Quilt Problem Solving
Last Fall I was contacted by Renee. She lives in the Milwaukee area and she had a quilting problem. She’d begun an adventurous project, sewn quite a few portions together and then had to stop to have knee surgery. When she went back to it – it was a mass of pieces and she couldn’t make heads nor tails of it.
She invited me to come and see what we could do with her jumbled pile of pieced wedges. When I arrived I began by reading over the pattern. This only confused me more and I felt a little overwhelmed as to what to do next. Then I started looking at the wedges and realized they were numbered, and marked left and right! I told Renee how great it was that she had done this and then I said “let’s lay out what you have so we can figure out what you have left to do”.
With the first layout it was evident she had already done a large portion of the piecing. Whew!
We just needed to figure out which pieces were missing. A sense of relief filled the kitchen (from both of us :-)). We discovered there were 2 more shorter wing portions missing at the top, but we decided they weren’t essential and she could substitute 2 purple background wedges.
The tail portion was missing from the labeled pieces, but portions of it had already been made. Renee was short a few of the “chunks” the pattern called for, so we set up her machine and patched together what was needed from her leftovers. Even though placement of the gradation was not exactly the same as the original pattern, she had enough to get ‘er done .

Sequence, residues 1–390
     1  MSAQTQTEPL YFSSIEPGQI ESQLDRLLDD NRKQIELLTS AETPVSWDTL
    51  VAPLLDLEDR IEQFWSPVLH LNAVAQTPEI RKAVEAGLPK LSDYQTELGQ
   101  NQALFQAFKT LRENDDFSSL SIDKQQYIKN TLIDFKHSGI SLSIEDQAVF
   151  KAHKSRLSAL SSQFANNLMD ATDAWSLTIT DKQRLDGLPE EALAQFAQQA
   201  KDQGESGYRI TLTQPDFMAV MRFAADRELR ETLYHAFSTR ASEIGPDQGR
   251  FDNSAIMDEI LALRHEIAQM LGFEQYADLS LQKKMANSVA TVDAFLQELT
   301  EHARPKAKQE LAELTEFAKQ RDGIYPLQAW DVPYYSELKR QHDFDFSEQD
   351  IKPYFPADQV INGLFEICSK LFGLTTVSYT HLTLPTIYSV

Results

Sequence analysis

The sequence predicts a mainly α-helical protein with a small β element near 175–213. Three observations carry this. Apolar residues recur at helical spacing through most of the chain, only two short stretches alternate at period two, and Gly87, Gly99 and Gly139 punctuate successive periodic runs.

At this point she felt confident she could piece it together, so we had a lovely lunch and I went on my way. She continued to work on it and got the wedges sewn together:
next she appliquéd the body:
and her Phoenix was ready for the quilter!
I waited a few months to share this post because I wanted to end it with a photograph of Matt and his quilt. Here’s Matt and Grandma Renee after he got his Phoenix at Christmas.
She said he was one very happy young man, and added:
“Actually we all thought it looked perfect on our fireplace, so guess what? I’ll be making another one soon!”
Atta Girl Renee! I’m sure you won’t have any problems with the second one now that you’ve figured it out!
So my advice to anyone who is trying to get back into a previously started project – lay out what you have done before you do anything else.